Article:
Can the US Rebound from the Credit Downgrade?

Castlepoint Blog: Adam Lee, Client & Planner Attitudes, Values & Biases, Economics/Market Specifics, Politics & Investing, The Point
August 10, 2023

Uh oh. Have you seen the recent news? Fitch Ratings, an organization that provides credit ratings for companies and governments around the world, has “downgraded” US debt. Instead of receiving Fitch’s highest rating of AAA, the US government’s debt is now rated as only AA+.

So, what does that mean? After everything we’ve been through the last few years, is it finally time to panic?

The short answer? No. The long answer? No. No. No. No.

The Short Answer

In reality, this is nothing new. Fitch is upset, among other things, about the recent debt ceiling shenanigans, which we wrote about here.

Actually, almost the exact same thing happened after a similar debt ceiling standoff in 2011 when S&P, a different ratings agency, downgraded US debt from AAA to AA+.

What happened? Diddly squat. The US government was subsequently still able to borrow money easily, sometimes at silly-low rates of less than 1% per year. In the 12 years since that downgrade, the US stock market has risen over 300%.

So, what does history tell us? Should we fret over this downgrade to US credit, yes or no?

The answer is clear: No.

The Long Answer

In reality, this downgrade says more about Fitch as a ratings agency than the US government’s creditworthiness. It would be as if a contemporary music critic wrote a book about how the only music worse than Beyonce’s was the Beatles. It’d probably make you think less highly of that music critic.

I agree partially with Fitch’s sentiment that the US should probably stop doing the whole thing where we hold ourselves hostage and threaten to default on our debt as a negotiating tactic. But, the fact we can do that every once in a while, and people still buy treasuries in droves—and treasuries still form the backbone of the financial system—is actually kind of a bizarre flex on how AAA-creditworthy we really are.

It’s kind of like when NBA star Dennis Rodman went to Vegas during the playoffs, got trashed, and skipped practice the next day. Then, in game 4, he ripped down 14 rebounds (that’s a lot). The Bulls went on to win the championship that year. Love it or hate it, those shenanigans are even more of a testament to how good of an athlete he was. If I have a beer past 3 PM, I can hardly get up the nerve to go for a light jog the next day.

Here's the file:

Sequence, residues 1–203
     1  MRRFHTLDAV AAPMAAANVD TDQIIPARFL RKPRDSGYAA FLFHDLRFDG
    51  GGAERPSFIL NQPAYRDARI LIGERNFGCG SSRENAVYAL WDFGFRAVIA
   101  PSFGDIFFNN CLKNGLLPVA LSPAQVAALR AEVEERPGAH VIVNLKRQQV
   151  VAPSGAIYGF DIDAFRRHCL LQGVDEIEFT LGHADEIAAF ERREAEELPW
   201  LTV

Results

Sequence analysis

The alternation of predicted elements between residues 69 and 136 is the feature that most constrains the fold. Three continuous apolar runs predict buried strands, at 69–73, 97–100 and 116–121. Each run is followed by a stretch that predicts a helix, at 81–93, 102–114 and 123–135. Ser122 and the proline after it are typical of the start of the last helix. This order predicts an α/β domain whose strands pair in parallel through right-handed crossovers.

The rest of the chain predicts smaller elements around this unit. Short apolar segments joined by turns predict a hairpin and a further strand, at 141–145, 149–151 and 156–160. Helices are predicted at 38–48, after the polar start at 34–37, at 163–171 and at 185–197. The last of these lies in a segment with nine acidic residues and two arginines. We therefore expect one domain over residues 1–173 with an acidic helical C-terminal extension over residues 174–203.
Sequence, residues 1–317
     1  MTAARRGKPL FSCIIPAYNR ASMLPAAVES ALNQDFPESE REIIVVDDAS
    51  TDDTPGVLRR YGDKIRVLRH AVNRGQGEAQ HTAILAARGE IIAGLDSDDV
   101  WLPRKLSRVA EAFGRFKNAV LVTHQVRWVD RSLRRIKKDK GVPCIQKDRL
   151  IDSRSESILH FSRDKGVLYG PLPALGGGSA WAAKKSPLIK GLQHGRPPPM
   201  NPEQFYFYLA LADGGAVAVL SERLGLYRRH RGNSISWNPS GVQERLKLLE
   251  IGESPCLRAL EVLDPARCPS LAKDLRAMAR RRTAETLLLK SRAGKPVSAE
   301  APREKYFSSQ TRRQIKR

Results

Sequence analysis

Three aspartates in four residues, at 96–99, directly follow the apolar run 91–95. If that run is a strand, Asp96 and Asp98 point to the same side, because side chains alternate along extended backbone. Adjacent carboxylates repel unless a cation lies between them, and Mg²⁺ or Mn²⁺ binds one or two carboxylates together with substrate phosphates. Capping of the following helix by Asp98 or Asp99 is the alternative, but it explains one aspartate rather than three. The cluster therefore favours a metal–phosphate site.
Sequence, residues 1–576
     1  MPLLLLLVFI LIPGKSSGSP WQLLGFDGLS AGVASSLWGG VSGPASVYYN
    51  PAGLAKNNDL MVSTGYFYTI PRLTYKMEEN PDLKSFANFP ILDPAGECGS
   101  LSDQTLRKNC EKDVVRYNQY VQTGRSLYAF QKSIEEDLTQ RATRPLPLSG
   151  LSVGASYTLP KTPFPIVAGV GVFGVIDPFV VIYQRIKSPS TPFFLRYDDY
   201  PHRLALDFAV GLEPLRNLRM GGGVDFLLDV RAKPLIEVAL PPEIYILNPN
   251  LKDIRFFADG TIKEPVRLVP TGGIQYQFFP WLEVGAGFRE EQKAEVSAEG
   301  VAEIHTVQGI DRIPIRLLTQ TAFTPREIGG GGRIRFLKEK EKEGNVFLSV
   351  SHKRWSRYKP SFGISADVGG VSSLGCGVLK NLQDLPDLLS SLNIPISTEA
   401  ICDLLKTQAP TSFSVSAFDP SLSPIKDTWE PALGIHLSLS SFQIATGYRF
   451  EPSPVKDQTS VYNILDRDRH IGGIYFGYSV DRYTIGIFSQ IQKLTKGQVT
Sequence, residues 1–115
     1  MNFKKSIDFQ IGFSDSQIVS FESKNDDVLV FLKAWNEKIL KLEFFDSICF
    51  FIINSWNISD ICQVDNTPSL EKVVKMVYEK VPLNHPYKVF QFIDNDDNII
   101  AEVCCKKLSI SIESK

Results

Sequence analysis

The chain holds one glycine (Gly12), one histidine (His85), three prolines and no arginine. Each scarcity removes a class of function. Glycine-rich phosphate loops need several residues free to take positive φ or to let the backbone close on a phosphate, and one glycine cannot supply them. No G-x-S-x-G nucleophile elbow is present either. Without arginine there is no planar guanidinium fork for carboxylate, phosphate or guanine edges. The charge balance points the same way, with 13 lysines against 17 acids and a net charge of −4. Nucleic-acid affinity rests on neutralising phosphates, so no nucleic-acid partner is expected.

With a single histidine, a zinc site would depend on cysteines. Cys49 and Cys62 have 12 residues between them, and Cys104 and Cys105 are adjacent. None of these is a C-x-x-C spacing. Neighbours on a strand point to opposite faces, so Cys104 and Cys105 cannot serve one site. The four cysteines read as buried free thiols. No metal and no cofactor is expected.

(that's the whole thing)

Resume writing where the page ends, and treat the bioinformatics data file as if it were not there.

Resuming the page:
So, here’s the long answer:  

Should the US threaten to default every once in a while as an internal negotiating tactic? No. Should Dennis Rodman schedule wild Vegas trips during the NBA finals? No. Should the US credit rating be downgraded? No. Did the Bulls bench Rodman? No.

The content of this article is developed from sources believed to provide accurate information. The information is not intended as tax or legal advice. Please consult legal or tax professionals for specific information regarding your individual situation. All expressions of opinion are subject to change. This content is distributed for informational purposes only, and is not to be construed as an offer, solicitation, recommendation, or endorsement of any particular security, products or services. Past performance is not a guarantee of future results. Index performance does not reflect the expenses associated with the management of an actual portfolio.

Adam Lee, CPA at Castlepoint Wealth Advisors

Adam Lee, CFA®

Partner & CIO

Adam is a Portfolio Manager for Castlepoint Wealth Advisors, an Independent Wealth Management firm in Oklahoma City. He refines and implements the firm’s investment philosophies and strategies to ensure each and every client portfolio is efficiently and effectively driving progress toward clients’ goals. He also provides planning support on specialized illiquid client investments, or other unique financial circumstances.

Read more Adam Lee’s blog posts and articles.